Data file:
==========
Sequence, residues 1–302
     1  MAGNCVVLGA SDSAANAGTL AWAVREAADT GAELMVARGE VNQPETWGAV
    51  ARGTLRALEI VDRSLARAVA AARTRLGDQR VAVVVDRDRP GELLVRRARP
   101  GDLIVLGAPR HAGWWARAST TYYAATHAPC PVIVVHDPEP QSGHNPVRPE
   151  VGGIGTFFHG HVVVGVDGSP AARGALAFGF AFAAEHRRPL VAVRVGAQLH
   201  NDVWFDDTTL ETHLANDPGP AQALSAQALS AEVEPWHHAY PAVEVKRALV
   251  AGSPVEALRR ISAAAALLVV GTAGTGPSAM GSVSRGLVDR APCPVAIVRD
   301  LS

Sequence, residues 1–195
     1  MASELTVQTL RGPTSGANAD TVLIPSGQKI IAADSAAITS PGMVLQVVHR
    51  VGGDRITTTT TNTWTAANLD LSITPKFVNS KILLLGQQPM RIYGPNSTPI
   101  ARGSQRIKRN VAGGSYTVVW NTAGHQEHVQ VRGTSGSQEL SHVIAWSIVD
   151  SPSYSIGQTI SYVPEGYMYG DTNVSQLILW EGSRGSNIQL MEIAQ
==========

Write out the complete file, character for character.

Sequence, residues 1–302
     1  MAGNCVVLGA SDSAANAGTL AWAVREAADT GAELMVARGE VNQPETWGAV
    51  ARGTLRALEI VDRSLARAVA AARTRLGDQR VAVVVDRDRP GELLVRRARP
   101  GDLIVLGAPR HAGWWARAST TYYAATHAPC PVIVVHDPEP QSGHNPVRPE
   151  VGGIGTFFHG HVVVGVDGSP AARGALAFGF AFAAEHRRPL VAVRVGAQLH
   201  NDVWFDDTTL ETHLANDPGP AQALSAQALS AEVEPWHHAY PAVEVKRALV
   251  AGSPVEALRR ISAAAALLVV GTAGTGPSAM GSVSRGLVDR APCPVAIVRD
   301  LS

Sequence, residues 1–195
     1  MASELTVQTL RGPTSGANAD TVLIPSGQKI IAADSAAITS PGMVLQVVHR
    51  VGGDRITTTT TNTWTAANLD LSITPKFVNS KILLLGQQPM RIYGPNSTPI
   101  ARGSQRIKRN VAGGSYTVVW NTAGHQEHVQ VRGTSGSQEL SHVIAWSIVD
   151  SPSYSIGQTI SYVPEGYMYG DTNVSQLILW EGSRGSNIQL MEIAQ